I'd say the dangerous passage is not over. As Trump's presidency fails, the two last-ditch cards he can more or less instinctively try to play are 1. go to war and 2. foment civil unrest, with the hope in both cases of finding a reason for authoritarianism. He's trying option 1 already, and watch out for option 2 coming up soon, perhaps with the support of false-flag operations or other forms of calculated violence from the far right. Yet it already looks as though these strategies will fail, because they have not gained any visible traction within the state, in addition to being completely unviable at the urban level (no mayor of a large urban area in the US, however segregated it may actually be, is going to promote overt racism). To wrap it up, we really could see some chaos in the US or the upcoming months (or even weeks). But Trump has already lost the political power to turn that into something bigger. In my view, his disgrace presents a real opportunity to go beyond the repetition-compulsions of postwar US empire, toward a fresh assessment of present realities. But it's only an opportunity, and it will take a lot of forthright and far-seeing people to make good on it.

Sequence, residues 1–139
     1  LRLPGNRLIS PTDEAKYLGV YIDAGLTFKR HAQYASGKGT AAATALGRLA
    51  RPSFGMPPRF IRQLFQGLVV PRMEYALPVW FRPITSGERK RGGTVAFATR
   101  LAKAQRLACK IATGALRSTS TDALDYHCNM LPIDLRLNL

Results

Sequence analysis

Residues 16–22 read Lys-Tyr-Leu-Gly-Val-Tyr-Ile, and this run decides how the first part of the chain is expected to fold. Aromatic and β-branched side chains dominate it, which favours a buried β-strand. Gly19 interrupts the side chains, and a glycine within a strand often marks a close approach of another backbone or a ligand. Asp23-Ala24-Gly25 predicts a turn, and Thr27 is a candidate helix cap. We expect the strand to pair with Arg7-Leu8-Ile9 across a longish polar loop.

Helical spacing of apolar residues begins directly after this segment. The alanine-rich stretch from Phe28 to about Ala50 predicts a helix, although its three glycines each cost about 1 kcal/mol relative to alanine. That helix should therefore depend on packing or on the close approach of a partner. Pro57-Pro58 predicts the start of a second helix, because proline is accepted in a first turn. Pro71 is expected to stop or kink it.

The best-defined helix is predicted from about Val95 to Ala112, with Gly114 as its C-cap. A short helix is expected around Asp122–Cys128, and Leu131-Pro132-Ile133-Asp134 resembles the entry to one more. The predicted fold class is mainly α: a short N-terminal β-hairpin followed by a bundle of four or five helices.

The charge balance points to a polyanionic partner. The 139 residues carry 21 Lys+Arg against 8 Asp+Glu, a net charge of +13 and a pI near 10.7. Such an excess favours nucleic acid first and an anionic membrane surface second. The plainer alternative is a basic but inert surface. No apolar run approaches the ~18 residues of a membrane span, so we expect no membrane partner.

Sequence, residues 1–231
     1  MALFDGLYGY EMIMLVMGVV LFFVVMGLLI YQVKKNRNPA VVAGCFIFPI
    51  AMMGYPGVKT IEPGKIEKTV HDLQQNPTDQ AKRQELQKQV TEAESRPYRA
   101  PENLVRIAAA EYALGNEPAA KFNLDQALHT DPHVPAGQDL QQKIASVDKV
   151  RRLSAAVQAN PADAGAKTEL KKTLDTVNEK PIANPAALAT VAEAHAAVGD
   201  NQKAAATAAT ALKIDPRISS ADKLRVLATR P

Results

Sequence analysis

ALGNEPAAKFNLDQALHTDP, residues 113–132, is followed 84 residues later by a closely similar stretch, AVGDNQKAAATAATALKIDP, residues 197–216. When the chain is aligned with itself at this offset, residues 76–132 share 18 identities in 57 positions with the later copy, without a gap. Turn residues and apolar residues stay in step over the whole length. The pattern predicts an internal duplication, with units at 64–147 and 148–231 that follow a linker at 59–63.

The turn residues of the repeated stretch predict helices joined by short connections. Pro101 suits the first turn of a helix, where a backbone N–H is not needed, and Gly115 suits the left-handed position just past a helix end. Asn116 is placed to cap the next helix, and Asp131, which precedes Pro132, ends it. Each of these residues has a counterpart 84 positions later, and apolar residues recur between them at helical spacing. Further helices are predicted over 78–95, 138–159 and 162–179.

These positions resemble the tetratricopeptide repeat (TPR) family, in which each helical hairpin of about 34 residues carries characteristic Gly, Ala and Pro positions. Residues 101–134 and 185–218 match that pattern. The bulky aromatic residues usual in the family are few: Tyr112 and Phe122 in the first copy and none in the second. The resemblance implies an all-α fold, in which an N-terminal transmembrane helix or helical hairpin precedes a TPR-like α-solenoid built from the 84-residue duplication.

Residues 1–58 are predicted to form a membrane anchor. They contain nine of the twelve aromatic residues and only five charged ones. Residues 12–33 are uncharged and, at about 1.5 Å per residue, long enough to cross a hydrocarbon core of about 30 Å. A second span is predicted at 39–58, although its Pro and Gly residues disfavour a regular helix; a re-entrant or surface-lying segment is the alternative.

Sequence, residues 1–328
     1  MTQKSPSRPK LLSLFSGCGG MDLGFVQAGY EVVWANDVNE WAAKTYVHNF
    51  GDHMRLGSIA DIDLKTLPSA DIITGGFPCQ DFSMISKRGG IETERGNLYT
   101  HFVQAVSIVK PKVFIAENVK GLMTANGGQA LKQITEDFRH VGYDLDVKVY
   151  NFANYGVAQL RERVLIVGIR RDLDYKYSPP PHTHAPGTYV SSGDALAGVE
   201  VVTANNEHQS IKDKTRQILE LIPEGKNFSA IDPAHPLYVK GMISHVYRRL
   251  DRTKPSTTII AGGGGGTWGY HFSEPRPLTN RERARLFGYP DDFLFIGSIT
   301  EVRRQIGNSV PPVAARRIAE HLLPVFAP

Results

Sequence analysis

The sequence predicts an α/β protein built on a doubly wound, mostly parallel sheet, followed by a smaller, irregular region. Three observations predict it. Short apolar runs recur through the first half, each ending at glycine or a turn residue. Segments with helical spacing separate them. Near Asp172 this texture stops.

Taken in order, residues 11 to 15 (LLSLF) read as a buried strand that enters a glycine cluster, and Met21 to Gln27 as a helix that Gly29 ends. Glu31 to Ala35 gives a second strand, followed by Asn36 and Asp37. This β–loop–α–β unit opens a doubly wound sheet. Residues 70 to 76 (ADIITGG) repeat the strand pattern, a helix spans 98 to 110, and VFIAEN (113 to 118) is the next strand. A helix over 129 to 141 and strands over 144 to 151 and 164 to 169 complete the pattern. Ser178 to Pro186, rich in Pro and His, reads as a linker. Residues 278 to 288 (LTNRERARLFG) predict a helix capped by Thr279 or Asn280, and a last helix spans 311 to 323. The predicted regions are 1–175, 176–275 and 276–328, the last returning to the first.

-- Keith Hart wrote:
"Market fundamentalism is at the crossroads. We are entering a global paradigm shift comparable to that of 1979/80, when a world revolution led by development states after 1945 was overthrown by a neoliberal counter-revolution that is itself now under threat... Responses to Trump’s reactionary white supremacy, along with the surprising French and British elections, suggest that neoliberal hegemony may be cracking and a swing back to state intervention, whether fascist or Keynesian, is now more likely than at any time in the last four decades."
-- And David Garcia countered:
"We must be wary of seeing 'public ownership' as an unalloyed -good-. State (or public) entites can quite easily become self reproducing interest groups, lobbying on behalf of themselves as effectively as any corporation. Anyone who has had to deal regularly with public institutions will know that they do not always serve the best interests of the public."